Tax Cards on the Table
Saturday, November 12, 2005 :::
It took about 72 hours, give or take, but all signs now point to a tax hike plan to deal with the transportation "crisis."
Gov.-elect Timothy M. Kaine said yesterday that a financial bailout for the state's beleaguered transportation system requires that he fashion a bipartisan coalition similar to the one that pushed through higher taxes last year.
"The path will be different; the issue will be different," said Kaine, following a private meeting at the Executive Mansion with the fellow Democrat he succeeds in January, Mark R. Warner.
The get-together was designed to signal that both men are committed to an orderly transition to a Kaine administration, which its namesake has suggested would be akin to a second term for the popular Warner.
Kaine, refusing to rule out higher taxes for roads and mass transit, said he has started conversations with some of the moderate Republicans who broke with their party to back Warner's $1.4 billion tax increase for schools, police and social services.
"It will require a bipartisan coalition," Kaine said of a remedy for the lumbering transportation bureaucracy that has been beset by cash shortages and construction delays.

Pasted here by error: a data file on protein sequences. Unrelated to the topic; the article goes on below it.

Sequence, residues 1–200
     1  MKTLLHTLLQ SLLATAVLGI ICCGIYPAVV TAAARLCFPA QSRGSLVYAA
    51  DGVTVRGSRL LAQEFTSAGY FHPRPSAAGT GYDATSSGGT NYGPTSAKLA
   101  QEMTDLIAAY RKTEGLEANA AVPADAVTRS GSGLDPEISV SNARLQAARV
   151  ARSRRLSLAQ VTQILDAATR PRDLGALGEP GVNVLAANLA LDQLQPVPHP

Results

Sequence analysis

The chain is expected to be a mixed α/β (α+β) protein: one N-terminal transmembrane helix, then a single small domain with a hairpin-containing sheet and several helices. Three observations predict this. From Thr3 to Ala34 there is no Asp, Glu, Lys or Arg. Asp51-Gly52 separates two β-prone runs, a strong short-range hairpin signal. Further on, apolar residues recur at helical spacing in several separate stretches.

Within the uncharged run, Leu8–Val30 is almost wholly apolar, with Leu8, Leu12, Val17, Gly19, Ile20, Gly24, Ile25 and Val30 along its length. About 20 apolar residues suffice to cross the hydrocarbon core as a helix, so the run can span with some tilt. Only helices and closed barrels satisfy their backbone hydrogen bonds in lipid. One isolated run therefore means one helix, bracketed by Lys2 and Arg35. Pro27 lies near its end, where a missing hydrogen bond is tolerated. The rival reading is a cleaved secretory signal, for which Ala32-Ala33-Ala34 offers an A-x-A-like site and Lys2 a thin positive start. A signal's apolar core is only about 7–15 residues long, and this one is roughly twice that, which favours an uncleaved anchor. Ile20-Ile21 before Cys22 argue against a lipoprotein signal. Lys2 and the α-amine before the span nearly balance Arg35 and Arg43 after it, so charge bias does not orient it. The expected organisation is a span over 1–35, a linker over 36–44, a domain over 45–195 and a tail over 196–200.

Actually, the path is remarkably similar and the coalition Kaine will attempt to create will be, too. However, the real test will be seeing whether the GOP leadership, and particularly that of Speaker Bill Howell, is ready for the coming debate. Do they have an alternative plan for dealing with transportation? Simply saying "No" is not an option.
I'd wager that what might happen is the GOP members in more heavily urban and suburban districts will face enormous pressure to agree to some sort of tax package. The press, and the administration, and the various interested parties, will climb all over those members, waving election results under their noses as proof that voters are willing to pay more to "solve" the problem.
Given recent history, it just might work.
::: posted by Norman Leahy at 11/12/2005